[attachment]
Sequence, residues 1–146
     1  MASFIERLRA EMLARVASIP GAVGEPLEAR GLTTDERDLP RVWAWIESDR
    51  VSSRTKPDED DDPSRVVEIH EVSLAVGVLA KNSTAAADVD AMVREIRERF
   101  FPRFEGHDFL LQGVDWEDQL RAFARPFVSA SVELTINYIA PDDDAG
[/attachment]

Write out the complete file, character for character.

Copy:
Sequence, residues 1–146
     1  MASFIERLRA EMLARVASIP GAVGEPLEAR GLTTDERDLP RVWAWIESDR
    51  VSSRTKPDED DDPSRVVEIH EVSLAVGVLA KNSTAAADVD AMVREIRERF
   101  FPRFEGHDFL LQGVDWEDQL RAFARPFVSA SVELTINYIA PDDDAG